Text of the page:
Empathy! That gut feeling which, left uncontrolled, will lead to compassion, thoughtfulness, and caring. The revelatory fire that increases intelligence, insight, and ties us to our fellow humans.  

Opening your heart to love can seem like an act of courage in hard times. It is, but I do so want to be brave.



Saturday, March 5, 2022

Troubles in the blogosphere

I am unable to comment on other people's blogs now.  I am also unable to reply to comments on my blog. WTH?

Tuesday, March 1, 2022

I know nothing

I don't know, do you?  Probably not.  It's all so freakin' complicated. 

In all seriousness, what is wrong with so many people in this world?  People who litter, refuse to wear masks, won't recycle, really, really want to believe the lies of thugs and tyrants, don't believe in science, want all the power and money for themselves, try to hide historical truths, blah, blah, blah.  I'm so tired of stupidity, hatefulness, and meanness of spirit.   

I think Western leaders have been brilliant with their unified front and kick ass sanctions against the evil one.  But I hate that once again, their brilliance and ability to act as a unified force for good is sidetracked by those who would destroy the world for their own gain.  

Yesterday's New York Times was filled with war news.  Halfway down there was a small article that caught my attention.  It should have been the top story, dammit!  

https://www.nytimes.com/2022/02/28/climate/climate-change-ipcc-un-report.html?action=click&module=Well&pgtype=Homepage&section=Climate%20and%20Environment

Today, again half way down, was this:  

https://www.nytimes.com/2022/03/01/climate/ipcc-climate-scientists-strike.html?action=click&module=Well&pgtype=Homepage&section=Climate%20and%20Environment

What the Hell?  And I do mean Hell, because this power grab in the Ukraine smells like a lake of burning sulfur.  


P.S. After posting this, I find I can no longer comment on other people's posts.  Please know I'm reading your posts!  What a world.  

Saturday, February 19, 2022

Volunteering for love

Granddaughter E is an actress. Anything related to the theatre is her passion, as natural to her as breathing. Her specialty is comedy, but she can perform any role well. It is her gift.

Her high school troupe won the district thespian competitions for a musical and a dramatic play. They are going to the Florida High School Thespian Festival to compete later this spring. She has a meaty comedic role in the musical. She is the dramatic lead in the play.  

My daughter, her mother, asked if I wanted to go with her to the festival to serve as a chaperone for 4 days and 3 nights. That's a long damn time! Of course I said yes, even though I've been dreading it like the plague ever since I said yes. I don't really like to spend days away from my husband. Also, chaperoning busloads of high school Theatre Geeks will be "challenging." They are so ... dramatic.  

However, the chance to spend time as three generations of women is irresistible. 

I know I'll get on their nerves.  I look forward to writing about it.

She's unique, and she shines brightly





Saturday, February 12, 2022

Reluctance

This month our grandson N turns 10 years old. I started this blog 10 years ago while I was babysitting for his older sister while their parents were in the hospital attending to his birth.  

His older sister, E, was 8 years old when N was born. She had been the only child for a long time, and did NOT want a sibling. She wasn't interested in babies. The whole pregnancy hoopla annoyed her. When asked to help come up with a name, she offered "Toilet" as a possibility.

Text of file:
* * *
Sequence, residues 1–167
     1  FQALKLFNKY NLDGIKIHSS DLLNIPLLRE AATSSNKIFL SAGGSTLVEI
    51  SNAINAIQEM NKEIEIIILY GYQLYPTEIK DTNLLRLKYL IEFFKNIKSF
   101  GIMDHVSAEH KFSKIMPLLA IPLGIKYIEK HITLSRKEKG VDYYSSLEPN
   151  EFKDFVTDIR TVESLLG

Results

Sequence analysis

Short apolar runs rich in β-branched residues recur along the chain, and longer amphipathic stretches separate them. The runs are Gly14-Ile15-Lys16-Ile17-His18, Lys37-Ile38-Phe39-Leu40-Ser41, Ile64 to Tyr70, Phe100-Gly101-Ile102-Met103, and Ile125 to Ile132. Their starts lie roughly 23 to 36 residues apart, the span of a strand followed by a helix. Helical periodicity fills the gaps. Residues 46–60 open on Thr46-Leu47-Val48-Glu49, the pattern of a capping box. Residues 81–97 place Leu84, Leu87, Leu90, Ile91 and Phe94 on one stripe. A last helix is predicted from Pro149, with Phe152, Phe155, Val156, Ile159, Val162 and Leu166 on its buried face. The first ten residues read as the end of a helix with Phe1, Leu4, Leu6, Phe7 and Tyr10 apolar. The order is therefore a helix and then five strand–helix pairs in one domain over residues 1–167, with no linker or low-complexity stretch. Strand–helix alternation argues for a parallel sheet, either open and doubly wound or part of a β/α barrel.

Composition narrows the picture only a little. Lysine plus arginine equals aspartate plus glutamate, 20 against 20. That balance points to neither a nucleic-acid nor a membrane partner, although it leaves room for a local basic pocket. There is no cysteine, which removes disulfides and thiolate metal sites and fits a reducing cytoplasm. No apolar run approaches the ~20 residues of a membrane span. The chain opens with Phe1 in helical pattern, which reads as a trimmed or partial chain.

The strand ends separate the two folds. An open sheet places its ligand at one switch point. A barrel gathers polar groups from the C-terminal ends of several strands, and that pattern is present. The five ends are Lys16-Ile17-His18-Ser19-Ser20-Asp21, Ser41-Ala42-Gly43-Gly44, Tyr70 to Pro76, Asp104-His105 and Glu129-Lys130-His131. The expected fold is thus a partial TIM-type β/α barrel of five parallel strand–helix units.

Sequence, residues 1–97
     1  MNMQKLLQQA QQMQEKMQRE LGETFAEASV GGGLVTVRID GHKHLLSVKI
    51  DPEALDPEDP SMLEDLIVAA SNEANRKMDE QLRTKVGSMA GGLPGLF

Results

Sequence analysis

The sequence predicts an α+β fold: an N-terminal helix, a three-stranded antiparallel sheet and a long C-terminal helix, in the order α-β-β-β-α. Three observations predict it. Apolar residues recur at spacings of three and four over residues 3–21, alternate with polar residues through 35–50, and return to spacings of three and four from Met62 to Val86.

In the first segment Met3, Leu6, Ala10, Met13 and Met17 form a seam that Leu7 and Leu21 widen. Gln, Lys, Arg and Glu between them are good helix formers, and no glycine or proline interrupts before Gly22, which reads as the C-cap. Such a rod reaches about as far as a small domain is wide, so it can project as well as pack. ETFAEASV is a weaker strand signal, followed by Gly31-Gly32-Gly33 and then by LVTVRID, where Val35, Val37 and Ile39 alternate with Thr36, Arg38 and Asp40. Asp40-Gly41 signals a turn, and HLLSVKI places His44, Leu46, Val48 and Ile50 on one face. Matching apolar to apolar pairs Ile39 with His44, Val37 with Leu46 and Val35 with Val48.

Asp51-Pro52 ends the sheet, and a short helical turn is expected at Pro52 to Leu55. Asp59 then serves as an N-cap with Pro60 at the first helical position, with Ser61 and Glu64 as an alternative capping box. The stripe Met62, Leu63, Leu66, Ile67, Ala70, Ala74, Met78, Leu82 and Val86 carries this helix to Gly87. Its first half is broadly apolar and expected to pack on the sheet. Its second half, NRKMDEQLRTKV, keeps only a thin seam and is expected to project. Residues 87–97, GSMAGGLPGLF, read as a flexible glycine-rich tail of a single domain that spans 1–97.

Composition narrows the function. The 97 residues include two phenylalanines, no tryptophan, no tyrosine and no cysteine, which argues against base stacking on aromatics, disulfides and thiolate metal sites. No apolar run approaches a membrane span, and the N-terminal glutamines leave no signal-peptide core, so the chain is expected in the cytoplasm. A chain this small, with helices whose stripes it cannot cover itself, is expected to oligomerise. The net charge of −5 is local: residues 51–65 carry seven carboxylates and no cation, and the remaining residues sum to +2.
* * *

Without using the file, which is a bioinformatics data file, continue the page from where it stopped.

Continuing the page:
When I got the call that N had been born, I wandered into Eislinn's room to tell her.  She was playing on the floor with her fanciful little characters. I gleefully announced, "N was just born!" She glanced up with a sour look and softly dismissed me with "I'm busy." 

She came around in the fullness of time.  The two of them are quite close despite the 8 years difference in age.  

At first...










And eventually...

Tuesday, February 8, 2022

Toil and Trouble

Ragu Bolognese! It took forever, probably because I followed a recipe. 

I began by transforming pancetta and garlic into a smooth paste. Because I live in the modern world I used a food processor. I fried the paste in butter (!) until the fat was rendered and the metamorphosis complete. I chopped the Holy Trinity (celery, onion, and carrot) gloriously fine, and added that mishmash to the cauldron*. Damn, my friends - I was cookin'! I was turning base materials into gold.

When the veggie/fat seemed utterly transfigured, I plopped in a pound each of ground beef and pork. Fifteen minutes of chanting** browned the meat evenly. I imposed my will with a wooden spoon, chopping and hacking to break it into small pieces. 

I added wine, a pinch of nutmeg, salt, and whole milk. Well, I didn't actually have whole milk, so I used my fearsome powers to turn half and half and a little skim milk into whole. Don't judge me. For a few uncanny moments I feared I didn't have nutmeg. After ransacking the spice rack, I found it. Or maybe I materialized it? Who knows?

Meanwhile, on the other side of the stove I heated stock into which I dissolved tomato paste and puree. I folded the red liquid into the meat, bringing the heat up until it bubbled and spit. I covered the pot, lowered the heat, and simmered the whole mess for a few hours. I degreased the sauce once even though the recipe didn't ask me to. I just had to. 

Before serving, I melted in two more tablespoons of the Philosopher's stone*** and added 20 turns of ground pepper. That's what the recipe asked for, 20 turns. I obeyed.  

*pot

**swearing 

***butter



Saturday, February 5, 2022

Formerly the Aging Female Baby Boomer

 Old blog, new name.  I decided to go with Years That Answer for my new name.  Cheers.